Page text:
Steven Furtick surprised me but not because I agreed with him more than I thought... Furtick surprised me because I was astounded to find someone who can find a way to boast on himself and what HE has done in almost every subject.  I may not be being as generous with Steven as I ought, I'll confess, but I was shocked at how often his defense for his positions wasn't 'Well, the Bible says...' but rather, 'I just did this', 'I led our church this...' so on and so on.  We heard about everything from how he shouldn't be called a wolf or false teacher because he sold everything to start his church and how he does to teach his church to love the Bible because he just led them through a fast and through the New Testament in 30 days (New through 30 he called it).  When Matt Chandler confronted Steven on his methodology, instead of making a defense of it Steven just countered back by taking a shot at something Chandler had said.  Now, whether or not Matt was in error on the comment that Steven brought up is not what I'm addressing.  I'm merely saying that boasting in self and side-stepping arguments doesn't exactly do much to help people understand you better if being misunderstood is what you feel you are by the general public. 

Greg Laurie was a new name for me.  Prior to this conference I had never heard of him although upon hearing him speak and doing a little research on him online I am becoming more of a fan.  He articulated himself well, he was clearly passionate for the Gospel of our Lord Jesus Christ, and he seems to hold to very sound biblical doctrine.  Though he wouldn't call himself a Calvinist, he certainly holds to those views.  He just prefers to avoid those labels and I am fine with that... truthfully the word Calvinist has such a stigma attached to it, because most people don't really understand it, I would just as soon leave that little title off of me as well... even though I am a "five pointer" as they say. haha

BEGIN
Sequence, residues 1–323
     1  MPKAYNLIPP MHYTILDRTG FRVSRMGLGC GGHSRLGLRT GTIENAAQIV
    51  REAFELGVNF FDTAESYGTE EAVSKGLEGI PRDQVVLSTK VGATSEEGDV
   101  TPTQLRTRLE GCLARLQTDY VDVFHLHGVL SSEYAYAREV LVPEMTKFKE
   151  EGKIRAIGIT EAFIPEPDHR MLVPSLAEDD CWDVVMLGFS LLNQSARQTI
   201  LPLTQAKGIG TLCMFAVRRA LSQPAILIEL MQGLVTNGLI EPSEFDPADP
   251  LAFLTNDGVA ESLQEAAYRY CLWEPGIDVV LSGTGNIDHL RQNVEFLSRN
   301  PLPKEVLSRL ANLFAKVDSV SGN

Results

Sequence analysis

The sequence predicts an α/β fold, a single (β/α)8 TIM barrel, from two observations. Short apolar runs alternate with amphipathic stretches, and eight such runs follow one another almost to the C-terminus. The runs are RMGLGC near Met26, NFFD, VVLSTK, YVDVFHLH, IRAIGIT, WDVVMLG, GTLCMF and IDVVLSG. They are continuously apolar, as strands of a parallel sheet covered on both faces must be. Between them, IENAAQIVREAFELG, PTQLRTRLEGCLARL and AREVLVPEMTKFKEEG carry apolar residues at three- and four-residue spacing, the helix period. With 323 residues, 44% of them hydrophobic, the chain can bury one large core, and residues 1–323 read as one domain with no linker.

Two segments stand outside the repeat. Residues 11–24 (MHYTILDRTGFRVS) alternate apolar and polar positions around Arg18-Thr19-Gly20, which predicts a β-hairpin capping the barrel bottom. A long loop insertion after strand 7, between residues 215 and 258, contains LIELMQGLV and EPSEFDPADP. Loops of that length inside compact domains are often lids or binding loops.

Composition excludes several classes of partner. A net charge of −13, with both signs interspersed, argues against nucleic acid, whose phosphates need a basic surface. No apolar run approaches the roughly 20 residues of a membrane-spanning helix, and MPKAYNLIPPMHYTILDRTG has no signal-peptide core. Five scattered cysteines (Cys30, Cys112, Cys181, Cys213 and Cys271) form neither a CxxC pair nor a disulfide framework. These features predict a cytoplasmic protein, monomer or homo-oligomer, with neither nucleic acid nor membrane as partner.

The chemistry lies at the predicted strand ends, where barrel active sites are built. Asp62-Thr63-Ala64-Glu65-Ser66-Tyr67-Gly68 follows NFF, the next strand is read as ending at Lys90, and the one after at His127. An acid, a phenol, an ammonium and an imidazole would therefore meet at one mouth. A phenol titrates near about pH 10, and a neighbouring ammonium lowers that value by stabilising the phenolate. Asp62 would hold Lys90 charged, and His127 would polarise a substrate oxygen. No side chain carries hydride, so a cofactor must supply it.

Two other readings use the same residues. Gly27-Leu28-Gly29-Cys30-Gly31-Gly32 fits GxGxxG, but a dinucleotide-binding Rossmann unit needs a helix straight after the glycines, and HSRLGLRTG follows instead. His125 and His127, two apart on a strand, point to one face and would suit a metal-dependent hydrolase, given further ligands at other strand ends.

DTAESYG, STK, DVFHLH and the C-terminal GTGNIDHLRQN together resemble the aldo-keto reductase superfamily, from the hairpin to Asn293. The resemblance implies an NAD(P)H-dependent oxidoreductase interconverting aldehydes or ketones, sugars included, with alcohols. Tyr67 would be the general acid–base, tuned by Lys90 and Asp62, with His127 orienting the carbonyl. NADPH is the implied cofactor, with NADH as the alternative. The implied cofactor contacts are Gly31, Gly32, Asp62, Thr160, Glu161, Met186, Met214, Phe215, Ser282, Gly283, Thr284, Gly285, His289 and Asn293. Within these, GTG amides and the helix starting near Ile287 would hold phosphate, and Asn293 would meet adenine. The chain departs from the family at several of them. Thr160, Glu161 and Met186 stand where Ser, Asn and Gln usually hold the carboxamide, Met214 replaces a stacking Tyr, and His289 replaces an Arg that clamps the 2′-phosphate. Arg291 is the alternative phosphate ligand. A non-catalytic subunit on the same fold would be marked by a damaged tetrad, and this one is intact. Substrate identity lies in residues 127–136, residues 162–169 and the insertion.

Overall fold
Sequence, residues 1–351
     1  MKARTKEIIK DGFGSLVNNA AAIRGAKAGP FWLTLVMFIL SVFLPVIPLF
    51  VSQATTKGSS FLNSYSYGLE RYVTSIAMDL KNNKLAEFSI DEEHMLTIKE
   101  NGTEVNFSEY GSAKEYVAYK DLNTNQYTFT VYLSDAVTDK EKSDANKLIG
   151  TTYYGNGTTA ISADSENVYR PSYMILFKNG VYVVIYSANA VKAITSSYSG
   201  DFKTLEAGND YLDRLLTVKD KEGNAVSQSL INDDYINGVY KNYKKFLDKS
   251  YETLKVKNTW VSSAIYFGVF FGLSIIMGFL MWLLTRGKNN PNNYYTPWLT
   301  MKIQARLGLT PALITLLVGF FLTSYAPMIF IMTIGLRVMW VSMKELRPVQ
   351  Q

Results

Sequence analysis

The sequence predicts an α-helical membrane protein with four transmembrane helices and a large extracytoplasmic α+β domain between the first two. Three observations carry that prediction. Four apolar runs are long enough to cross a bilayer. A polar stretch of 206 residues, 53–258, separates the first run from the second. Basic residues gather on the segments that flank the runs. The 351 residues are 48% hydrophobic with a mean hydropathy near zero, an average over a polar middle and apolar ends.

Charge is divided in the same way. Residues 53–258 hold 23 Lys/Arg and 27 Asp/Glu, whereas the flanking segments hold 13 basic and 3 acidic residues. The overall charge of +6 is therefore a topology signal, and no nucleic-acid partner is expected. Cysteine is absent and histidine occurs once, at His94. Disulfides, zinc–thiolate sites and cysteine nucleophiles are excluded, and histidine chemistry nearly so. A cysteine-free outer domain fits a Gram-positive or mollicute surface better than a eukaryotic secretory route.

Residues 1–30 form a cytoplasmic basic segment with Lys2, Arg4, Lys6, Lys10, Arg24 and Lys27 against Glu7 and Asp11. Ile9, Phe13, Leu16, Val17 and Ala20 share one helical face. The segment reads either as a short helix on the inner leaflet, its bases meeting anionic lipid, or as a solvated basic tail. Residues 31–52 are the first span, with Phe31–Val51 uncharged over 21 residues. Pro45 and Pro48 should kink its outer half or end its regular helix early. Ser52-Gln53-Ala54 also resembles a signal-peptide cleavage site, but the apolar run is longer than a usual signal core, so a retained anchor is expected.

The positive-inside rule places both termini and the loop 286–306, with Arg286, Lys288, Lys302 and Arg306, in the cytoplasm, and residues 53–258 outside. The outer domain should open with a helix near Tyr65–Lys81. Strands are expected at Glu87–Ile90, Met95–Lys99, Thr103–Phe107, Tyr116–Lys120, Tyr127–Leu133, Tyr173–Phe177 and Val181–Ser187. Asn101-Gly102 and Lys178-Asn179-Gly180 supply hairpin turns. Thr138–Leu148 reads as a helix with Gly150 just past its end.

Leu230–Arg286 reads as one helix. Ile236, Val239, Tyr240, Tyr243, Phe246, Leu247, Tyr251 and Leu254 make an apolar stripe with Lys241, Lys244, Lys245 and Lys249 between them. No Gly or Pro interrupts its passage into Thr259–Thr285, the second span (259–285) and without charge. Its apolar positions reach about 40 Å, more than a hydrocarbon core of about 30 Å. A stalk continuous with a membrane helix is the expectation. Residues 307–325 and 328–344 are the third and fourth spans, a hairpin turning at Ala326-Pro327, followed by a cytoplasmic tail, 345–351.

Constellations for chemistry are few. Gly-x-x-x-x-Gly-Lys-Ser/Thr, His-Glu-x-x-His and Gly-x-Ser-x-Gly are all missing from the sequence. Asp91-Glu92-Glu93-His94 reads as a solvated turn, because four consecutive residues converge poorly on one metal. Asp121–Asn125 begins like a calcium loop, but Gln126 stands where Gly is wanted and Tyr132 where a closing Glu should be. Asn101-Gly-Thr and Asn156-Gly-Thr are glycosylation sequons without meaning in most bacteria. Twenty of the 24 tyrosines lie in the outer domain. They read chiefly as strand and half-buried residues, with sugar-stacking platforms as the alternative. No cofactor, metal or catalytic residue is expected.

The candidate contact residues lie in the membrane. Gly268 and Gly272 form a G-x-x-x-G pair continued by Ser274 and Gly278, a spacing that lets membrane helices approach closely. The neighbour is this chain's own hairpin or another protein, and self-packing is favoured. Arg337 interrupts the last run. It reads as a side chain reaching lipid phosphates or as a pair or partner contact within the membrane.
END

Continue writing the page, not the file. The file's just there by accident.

Mark Driscoll did what Mark does.  He defended the Gospel well and he made me laugh.  I like Mark.  I think because of my conservative upbringing he may be a bit too close to the contemporary style for me personally... but I don't think he is in sin or error with any of what he's doing (that I'm aware of).  He made a very good point that really convicted me as well and that is that sometimes people confuse their love for the Gospel with a fear of God (fear in a negative way).  What he went on to explain was that if we take the Gospel and hide it away, never sharing it.  Treat it like the wicked servant of Matthew 25.  Then we really don't love the Gospel.  If we loved the Gospel, we'd share it.  Further, he pointed out that it is those who are like that who are most likely to take cheap shots at those who don't share the Gospel at all or share a watered down version of it.  Convicting for me because I don't want to ever drift towards the behavior of the wicked slave.  I want to be faithful with what God has entrusted to me and take the Gospel to the Nations as the Lord has commanded.

Final thoughts:

I was helped by this conference.  I think that I may have had a bit of bloodlust interest in it to begin with because I wanted to see some of those guys get a Gospel beating... which was a sinful desire in my heart.  Thankful God revealed that to me through this.  I deserve a beat down just as much as anyone for my sin as well.  I do wish that some error had been labeled as error a bit more clearly BUT I wasn't there behind the scenes so I'll pray that maybe some more useful exhorting and admonishing went on backstage.

You can pick this up from the Elephant Room Conference website and it is a bit costly at $50 but I feel it is worth the price.